Safe Harbor

June 2016 | 3 days

Team: Benjamin Grandy (Designer), Sair (PM), Wendy (PM), Thinley, Sofio, and Ashley.
Deliverables: User Interviews, UX Artifacts, Visual Design, Logo, Style Guide, Clickable Prototype

Won a hackathon at the 2016 Global Entrepreneurship Summit for an app that helps victims of domestic abuse find shelter.

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The theme of this Global Entrepreneurship Summit weekend Hackathon was issues and problems facing women. The first day we brainstormed all sorts of issues including access to Healthcare and Childcare, education, maintaining safety in foreign environments as well as helping children that are abandoned at birth. However, the issue that kept coming up again and again was the scourge of domestic abuse.

Team: Our team was six people. Other people had specialties in business development and project management. I was the only designer/ developer.


We used the double-diamond methodology, which starts with deep research, which then leads to insights. From there we established the problem definition, brainstormed possible solutions for solving the problem, and from there focused on core user needs and built a prototype that could best address these needs.


Along with learning about heartbreaking statistics online, we had phone interviews with victims, a case manager and shelters host, and tried to understand the perspectives of all people including the perpetrator and the police.

On average, 24 people per minute are victims of rape, physical violence or stalking by an intimate partner in the United States. More than 12 million women and men over the course of a year.1

Since you opened this webpage, an estimated 0 people have been physically abused by an intimate partner in the US.

On a typical day, there are more than 20,000 phone calls placed to domestic violence hot-lines nationwide, representing half of all calls.2

Emergency accommodation is limited to shelters and their availability is not accessible online by case managers.

In Santa Clara County alone, domestic-violence shelters can take in just 63 people at a time and turn away nearly 2,500 requests annually.3

Insights: We identified different types of abuse — abuse can be physical, verbal, financial, emotional & psychological. After identifying these issues, we created a 'threat-scale' from low to extreme to consider what sort of interventions might be appropriate in different cases. We also created an empathy map to connect with victims and a user journey to understand the current process. We then brainstormed a potential Feature Inventory and prioritized what we should focus on for a minimally viable product.

After day 1, I led the team to create many UX artifacts - a journey map, an empathy, map, a system map, user flows, as well as mapped out categorically the insights from our research. We understood the problem in increasing depth, we created the idea of a threat scale. However, when we looked around at other teams they were much further along building the prototype.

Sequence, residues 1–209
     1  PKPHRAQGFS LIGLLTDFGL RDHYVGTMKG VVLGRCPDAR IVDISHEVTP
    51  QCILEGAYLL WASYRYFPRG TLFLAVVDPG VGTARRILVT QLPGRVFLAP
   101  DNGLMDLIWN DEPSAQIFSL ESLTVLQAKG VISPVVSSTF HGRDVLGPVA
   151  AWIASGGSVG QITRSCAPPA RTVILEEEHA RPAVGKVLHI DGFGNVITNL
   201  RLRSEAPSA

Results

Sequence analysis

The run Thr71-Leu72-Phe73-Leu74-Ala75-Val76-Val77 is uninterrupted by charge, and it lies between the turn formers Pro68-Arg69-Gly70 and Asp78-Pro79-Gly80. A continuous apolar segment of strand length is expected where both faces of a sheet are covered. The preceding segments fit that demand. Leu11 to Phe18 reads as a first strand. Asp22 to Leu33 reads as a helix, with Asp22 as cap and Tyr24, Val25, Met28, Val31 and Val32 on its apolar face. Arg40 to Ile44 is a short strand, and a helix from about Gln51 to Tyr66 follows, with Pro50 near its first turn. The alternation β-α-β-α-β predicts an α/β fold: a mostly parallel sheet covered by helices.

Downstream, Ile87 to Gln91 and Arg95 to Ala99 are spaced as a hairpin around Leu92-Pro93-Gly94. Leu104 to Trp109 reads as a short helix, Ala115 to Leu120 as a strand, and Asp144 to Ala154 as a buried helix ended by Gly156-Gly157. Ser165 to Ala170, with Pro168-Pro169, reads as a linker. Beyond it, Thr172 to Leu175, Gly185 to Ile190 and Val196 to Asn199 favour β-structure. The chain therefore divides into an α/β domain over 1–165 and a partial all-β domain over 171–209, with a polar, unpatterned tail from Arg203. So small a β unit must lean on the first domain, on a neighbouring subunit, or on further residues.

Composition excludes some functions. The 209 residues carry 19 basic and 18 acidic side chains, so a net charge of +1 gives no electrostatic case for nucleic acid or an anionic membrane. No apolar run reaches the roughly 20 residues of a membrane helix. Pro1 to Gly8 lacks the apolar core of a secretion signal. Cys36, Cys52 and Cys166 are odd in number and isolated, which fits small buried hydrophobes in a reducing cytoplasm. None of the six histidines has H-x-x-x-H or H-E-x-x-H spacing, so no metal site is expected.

We learned about the context of the situation - that the victim is worried that the perpetrator will come after them. We realized how important it was to design a system that could help victims without giving a potential perpetrator the opportunity to abuse such a system. It's not obvious how you can screen whether someone is truly a victim or they're a perpetrator trying to track down victims. It's extremely important that the information of the Safe Harbors is not made public or available to perpetrators.

Pivot: Therefore, we decided to pivot and make Safe Harbor a tool for case managers, rather than victims. Being victim-focused left a vulnerability wherein the perpetrator could chase the victim, spy on them, and use the app against them. Instead, a tool for case workers gives the victim a layer of protection and helps the case workers be more effective, who are the linchpin in the system. The network currently available between case managers, shelters, police and victims is very outdated, slow, fragmented and broken. Safe Harbor aims to improve this system.

Problem Definition: There is a real need for greater access to shelter beds to protect victims of domestic abuse.


After our research, synthesis, ideation and feature priorities, I built a prototype. Safe Harbor offers victims of domestic abuse shelter by connecting them to volunteers willing to offer space in their home. The design thinking and the branding evoke a calming, relaxing, safe atmosphere. It is very snappy with few extra features as in many cases the victims are in high-pressure life or death situations.

Worked with an outside design agency to make this logo. The steering wheel captures the idea of changing course and subtly embedded in the logo are homes.


Domestic violence is a terrible crime with too many people suffering needlessly. We need to do more. Being the last to build the prototype seemed to be our weakness early on. In the end, it was our strength - having built an app on the deepest foundation of research. This was why we won the Hackathon.


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